Skip to comments.Idea for a mutual fund that will make the lefties explode!
Posted on 10/12/2012 7:07:32 AM PDT by Fido969
Everyone knows what a black hole of finance the "democratic strongholds" have become. Municipal bonds used to be a good investment, but with democrats having driven so many cities and states to the economic brink, I'd be leary.
How about a tax-exempt mutual fund of Republican municipalities only? I'd guess the investors would flock to those because they would be safer, and we'd make it clear that democrats are a lousy investment.
that’s racist !
that’s racist !
I like it.
What happens when a municipality goes from red to blue? Does that mean you’d sell of those bonds and replace the holdings with other “red” bonds? How would the transaction costs affect the returns by the fund?
In my experience local government is only marginally better under Republicans. Many Republicans are just as spendy as their Democrat opponents. They may spend on different things but they are just as happy to raise tax rates and spend as the Dems.
Just because a politician registers as Republican doesnt make him conservative.
When you get down to brass tacks it is the Public Workers Unions, their benefits and pensions that are the big budget killers. The Republicans are just as afraid to tackle those issues as the Democrats.
It would also be a fund with a high maintenance cost because the manager would have to track every election and the local news for every bond in the fund. Control of city councils and mayor/city manager can change at any time.
It’s somewhat harder than that, because many, even the majority, of municipal funds are not actually for cities themselves, but for major projects that are wanted by the cities but are economically segregated from city finances.
So the bonds are issued based more on the reasonableness of the particular project to be done on time and on budget, and accomplishing a realistic and useful goal. Right behind that, of course, is the ability of the municipality to pay both the bond yield and eventually to repay the principal.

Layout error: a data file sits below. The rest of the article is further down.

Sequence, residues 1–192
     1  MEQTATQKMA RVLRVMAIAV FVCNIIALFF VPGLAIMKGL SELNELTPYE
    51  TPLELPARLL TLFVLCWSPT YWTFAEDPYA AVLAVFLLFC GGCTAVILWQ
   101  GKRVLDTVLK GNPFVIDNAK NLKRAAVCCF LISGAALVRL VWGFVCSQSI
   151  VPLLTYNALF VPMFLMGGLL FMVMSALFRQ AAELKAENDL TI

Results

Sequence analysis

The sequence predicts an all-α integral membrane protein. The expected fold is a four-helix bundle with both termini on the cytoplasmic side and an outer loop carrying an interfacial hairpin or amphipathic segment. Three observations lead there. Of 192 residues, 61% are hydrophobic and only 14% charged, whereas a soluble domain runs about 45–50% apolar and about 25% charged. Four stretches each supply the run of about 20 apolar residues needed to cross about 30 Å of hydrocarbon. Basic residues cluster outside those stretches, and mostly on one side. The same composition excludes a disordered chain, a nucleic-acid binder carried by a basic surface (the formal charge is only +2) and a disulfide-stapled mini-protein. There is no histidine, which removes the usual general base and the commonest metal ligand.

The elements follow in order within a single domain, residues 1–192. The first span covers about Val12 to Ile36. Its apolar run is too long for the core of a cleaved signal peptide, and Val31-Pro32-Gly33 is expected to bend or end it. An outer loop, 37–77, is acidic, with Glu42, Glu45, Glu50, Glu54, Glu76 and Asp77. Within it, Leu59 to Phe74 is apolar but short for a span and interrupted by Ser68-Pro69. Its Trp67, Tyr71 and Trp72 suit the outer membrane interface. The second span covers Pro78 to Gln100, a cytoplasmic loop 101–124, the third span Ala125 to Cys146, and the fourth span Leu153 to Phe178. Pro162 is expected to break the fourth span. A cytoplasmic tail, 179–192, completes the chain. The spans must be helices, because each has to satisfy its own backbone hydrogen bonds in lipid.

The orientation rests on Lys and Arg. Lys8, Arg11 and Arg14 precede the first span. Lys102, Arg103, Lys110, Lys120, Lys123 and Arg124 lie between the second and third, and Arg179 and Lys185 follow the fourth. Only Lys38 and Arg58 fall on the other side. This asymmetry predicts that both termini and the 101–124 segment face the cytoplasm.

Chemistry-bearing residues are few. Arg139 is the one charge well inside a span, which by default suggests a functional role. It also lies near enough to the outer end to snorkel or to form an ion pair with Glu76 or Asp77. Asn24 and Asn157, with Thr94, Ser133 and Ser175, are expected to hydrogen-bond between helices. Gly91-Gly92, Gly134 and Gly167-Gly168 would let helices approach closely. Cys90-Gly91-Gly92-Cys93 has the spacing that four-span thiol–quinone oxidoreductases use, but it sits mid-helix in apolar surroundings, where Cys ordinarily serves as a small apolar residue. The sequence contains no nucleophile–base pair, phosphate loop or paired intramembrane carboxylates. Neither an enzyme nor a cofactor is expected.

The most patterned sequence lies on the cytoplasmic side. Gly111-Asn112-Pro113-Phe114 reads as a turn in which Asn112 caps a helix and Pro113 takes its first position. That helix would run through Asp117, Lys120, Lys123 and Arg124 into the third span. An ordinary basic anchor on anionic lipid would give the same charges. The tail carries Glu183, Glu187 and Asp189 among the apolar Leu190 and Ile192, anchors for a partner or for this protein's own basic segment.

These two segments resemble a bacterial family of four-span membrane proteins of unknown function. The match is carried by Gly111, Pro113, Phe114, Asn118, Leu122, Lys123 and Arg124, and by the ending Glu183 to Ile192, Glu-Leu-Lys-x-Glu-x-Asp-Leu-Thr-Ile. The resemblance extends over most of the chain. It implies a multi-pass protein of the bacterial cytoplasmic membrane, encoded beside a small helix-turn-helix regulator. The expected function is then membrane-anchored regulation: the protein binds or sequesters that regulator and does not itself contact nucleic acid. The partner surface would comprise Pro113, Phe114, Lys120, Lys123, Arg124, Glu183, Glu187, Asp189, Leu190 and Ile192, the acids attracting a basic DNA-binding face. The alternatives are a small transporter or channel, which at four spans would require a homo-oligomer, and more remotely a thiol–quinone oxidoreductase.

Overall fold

Unless, of course, it is a long term, ongoing issue, in which the value of the bonds at re-issue is important.
Finally there is tax-exempt yield versus taxable bond value. This is based on the projection of whether, over time, the value and yield of the bond will fluctuate.
Instead of basing it on the party in power it would make more sense to base the decisions in the same manner as deciding companies in which to invest- look at balance sheets, spending decisions, etc. That way investors can reward sound governance regardless of party affiliation.
Today that’s not always a guarantee they are well-run districts.
I’d rather have a mutual fund based off the stocks of the leading gun and/or ammunition manufacturers. Talk about making the liberals sh1t bricks.
The Bond Ratings services like Standard and Poors is supposed to do that but mostly what they do is (at least they say they do) rate cities on their ability to repay bonds.
The trouble is that once you own a bond that rating can change rather quickly.
A citys ability to pay off their bonds is highly dependent on the financial climate of the city, the state and the country.
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